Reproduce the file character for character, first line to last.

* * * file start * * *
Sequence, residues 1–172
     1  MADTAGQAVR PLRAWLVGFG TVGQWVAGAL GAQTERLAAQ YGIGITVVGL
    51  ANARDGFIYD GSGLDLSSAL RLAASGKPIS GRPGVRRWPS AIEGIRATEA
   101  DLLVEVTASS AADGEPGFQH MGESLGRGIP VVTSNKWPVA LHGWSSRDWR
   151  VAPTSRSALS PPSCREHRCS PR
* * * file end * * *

Sequence, residues 1–172
     1  MADTAGQAVR PLRAWLVGFG TVGQWVAGAL GAQTERLAAQ YGIGITVVGL
    51  ANARDGFIYD GSGLDLSSAL RLAASGKPIS GRPGVRRWPS AIEGIRATEA
   101  DLLVEVTASS AADGEPGFQH MGESLGRGIP VVTSNKWPVA LHGWSSRDWR
   151  VAPTSRSALS PPSCREHRCS PR